THE STEAM GAS FAMILY PACT ONE: ANNA MAE

By Staff
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Many of our readers have expressed an interest in learning more
about the members of the Stemgas Family the faces and personalities
behind I.M.A. and G.E.M. Starting with this issue and continuing
over the next several issues, we will publish personality profiles
of each.

Anna Mae has been associated with Stemgas Publishing Company for
19 years ever since September 16, 1957 when the Rev. Elmer Ritzman,
founder of the firm, came to see her to ask her to help him.

‘It will only take 15 minutes a day,’ said Elmer as they
sat on Anna Mae’s front porch in Enola, Pa. It was a pleasant
late summer day and Anna Mae remembers it as if it were
yesterday.

He explained that Iron-Men, his only magazine at the time, was
being printed in Port Royal, and the man who kept his books was
very ill.

Anna Mae assented, and the ’15 minutes a day’ became
hours and hours, and days and days, and 19 very full years of doing
all sorts of work on both I.M.A. and GEM, and developing a warm and
human touch with readers all over the world.

‘Ed (her husband) and I cranked envelopes out and filed them
on the floor by states,’ she recalls.

‘We only had I.M.A. then, and there were only 5,500
subscribers. But that was still a lot to do by hand.

‘I worked in the dining room first, and then we moved
everything to our basement. I had shelves-one for each state-and
then we started to address by addressograph.’

Rev. Ritzman, whom many of our readers know, was a highly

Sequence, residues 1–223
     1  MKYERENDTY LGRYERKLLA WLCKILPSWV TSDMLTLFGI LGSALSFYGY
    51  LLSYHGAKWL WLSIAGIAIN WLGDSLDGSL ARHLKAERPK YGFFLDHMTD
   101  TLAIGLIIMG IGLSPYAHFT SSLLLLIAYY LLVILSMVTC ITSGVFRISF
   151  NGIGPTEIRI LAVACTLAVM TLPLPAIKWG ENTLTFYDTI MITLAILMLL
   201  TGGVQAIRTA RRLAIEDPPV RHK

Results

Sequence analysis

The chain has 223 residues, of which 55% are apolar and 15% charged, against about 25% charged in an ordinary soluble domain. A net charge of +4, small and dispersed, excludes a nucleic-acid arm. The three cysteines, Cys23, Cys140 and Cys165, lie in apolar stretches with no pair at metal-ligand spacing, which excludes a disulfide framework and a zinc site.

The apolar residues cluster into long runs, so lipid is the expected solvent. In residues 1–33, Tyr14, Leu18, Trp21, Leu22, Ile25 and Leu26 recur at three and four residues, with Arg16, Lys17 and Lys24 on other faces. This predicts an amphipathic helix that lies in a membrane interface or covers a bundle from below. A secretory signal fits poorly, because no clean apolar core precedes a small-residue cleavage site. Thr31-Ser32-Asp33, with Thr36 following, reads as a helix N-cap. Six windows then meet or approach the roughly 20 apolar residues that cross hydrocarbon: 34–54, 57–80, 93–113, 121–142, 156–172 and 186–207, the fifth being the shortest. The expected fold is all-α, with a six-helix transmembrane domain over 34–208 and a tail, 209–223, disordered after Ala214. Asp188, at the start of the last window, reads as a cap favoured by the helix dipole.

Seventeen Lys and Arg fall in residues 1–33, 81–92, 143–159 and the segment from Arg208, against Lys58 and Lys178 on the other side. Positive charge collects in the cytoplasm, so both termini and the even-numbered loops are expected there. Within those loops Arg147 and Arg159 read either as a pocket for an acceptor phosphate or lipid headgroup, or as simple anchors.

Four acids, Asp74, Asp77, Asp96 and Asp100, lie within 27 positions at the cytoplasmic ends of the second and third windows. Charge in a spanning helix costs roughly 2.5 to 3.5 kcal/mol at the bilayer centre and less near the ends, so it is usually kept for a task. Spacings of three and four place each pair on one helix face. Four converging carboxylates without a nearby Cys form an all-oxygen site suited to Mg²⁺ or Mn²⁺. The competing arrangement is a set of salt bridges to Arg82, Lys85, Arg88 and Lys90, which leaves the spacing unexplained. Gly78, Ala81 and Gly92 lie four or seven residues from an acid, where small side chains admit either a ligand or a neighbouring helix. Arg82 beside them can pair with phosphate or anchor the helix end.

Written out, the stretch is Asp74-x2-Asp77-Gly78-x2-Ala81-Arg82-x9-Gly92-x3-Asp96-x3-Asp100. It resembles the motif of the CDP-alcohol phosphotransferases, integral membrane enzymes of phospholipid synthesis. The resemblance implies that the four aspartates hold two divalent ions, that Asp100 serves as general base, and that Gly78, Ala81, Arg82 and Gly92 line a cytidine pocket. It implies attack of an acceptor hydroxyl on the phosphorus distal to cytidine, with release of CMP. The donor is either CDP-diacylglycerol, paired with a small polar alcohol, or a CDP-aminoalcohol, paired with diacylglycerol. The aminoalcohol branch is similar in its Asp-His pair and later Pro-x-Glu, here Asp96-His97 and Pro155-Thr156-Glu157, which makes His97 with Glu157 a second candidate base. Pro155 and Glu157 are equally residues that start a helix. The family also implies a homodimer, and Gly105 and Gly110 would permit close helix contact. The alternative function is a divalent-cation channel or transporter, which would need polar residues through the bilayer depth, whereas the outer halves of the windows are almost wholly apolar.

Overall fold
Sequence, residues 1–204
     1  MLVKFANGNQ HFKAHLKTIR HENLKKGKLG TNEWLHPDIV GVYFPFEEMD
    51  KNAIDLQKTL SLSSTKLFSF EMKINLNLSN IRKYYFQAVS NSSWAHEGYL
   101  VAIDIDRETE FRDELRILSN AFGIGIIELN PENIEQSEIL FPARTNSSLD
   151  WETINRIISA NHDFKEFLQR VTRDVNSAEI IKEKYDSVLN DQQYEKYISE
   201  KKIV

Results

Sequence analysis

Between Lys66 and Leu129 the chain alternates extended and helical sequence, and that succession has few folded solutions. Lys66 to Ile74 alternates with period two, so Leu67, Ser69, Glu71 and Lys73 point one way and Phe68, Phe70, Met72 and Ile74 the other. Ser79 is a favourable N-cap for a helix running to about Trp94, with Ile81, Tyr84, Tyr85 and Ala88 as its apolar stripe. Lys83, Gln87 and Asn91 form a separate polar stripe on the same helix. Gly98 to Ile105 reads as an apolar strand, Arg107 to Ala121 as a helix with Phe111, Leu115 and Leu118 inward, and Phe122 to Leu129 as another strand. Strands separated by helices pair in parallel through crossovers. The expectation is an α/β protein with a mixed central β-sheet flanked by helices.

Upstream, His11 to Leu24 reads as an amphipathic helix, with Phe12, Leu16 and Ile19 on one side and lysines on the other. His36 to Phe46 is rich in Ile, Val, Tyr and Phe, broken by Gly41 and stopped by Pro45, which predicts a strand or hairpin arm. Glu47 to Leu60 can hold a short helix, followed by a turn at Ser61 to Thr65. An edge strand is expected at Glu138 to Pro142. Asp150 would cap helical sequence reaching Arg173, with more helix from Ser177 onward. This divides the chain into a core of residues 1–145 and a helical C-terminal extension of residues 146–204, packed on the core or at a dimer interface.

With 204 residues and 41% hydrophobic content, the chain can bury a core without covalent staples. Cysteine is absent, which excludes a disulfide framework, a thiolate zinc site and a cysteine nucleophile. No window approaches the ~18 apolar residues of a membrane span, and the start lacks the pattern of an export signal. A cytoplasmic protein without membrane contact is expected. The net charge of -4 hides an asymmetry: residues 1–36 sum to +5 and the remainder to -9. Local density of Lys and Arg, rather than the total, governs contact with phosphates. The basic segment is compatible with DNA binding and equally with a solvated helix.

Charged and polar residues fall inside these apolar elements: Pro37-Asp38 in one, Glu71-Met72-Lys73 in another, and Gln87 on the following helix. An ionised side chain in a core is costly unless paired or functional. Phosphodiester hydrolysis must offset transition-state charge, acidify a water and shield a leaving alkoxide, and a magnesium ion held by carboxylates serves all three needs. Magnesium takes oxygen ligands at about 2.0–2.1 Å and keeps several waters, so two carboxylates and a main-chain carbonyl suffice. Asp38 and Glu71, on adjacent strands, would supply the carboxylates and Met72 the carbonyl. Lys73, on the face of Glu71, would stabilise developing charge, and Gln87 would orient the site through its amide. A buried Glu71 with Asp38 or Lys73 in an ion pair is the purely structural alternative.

energetic man, full of ideas and always ready for innovations.

He handled most of the stories for I.M.A. himself, and then also
for GEM after he started it in 1966. He had so many acquaintances,
that stories and pictures flowed to him as if he were a magnet. A
true pioneer, he opened up the field for both magazines and brought
hosts of readers the publications no one had ever offered
before.

Gradually, however, he gave more responsibility to Anna Mae. He
paid tribute to her in the March-April 1958 I.M.A. for all her
services to the publications, as well as to her role as homemaker,
PTA president and in other community activities.

She handled all the things that went with the company receiving
photos and articles, writing, handling all ads, cutting and running
address stencils for subscribers, keeping the card files, selling
jewelry and books, and handling complaints (there were very
few).

She also hand lettered Elmer’s mailbox with his name and
Iron-Men Album Magazine, hand painted several signs for him to be
used at the stands at reunions, and lettered and drew the Russell
Bull for Elmer on a block of wood someone had given him from the
Russell Company floor, and made up poems to go with the gift
subscription cards just a few secretary side jobs.

Here are some of her reminiscences which she gave us while we
visited at the 1976 Rough and Tumble Reunion at Kinzers, where
Elmer was a charter member:

‘I had encephalitis in 1966. I wasn’t supposed to come
back. But I never missed an issue with my column.

That was the year we started Gas Engine. We used to have one
page for gas in Iron-Men, and Elmer saw the need for another
publication.

The day I came home from the hospital Elmer came in with the
typewriter and I kept up the column. Then he asked, me to do
stories, which I finally did. And then I took over the whole
makeup.’

Anna Mae continued to expand her work for the magazines when
Elmer became ill.

When Elmer’s widow, Earlene, operated the enterprise after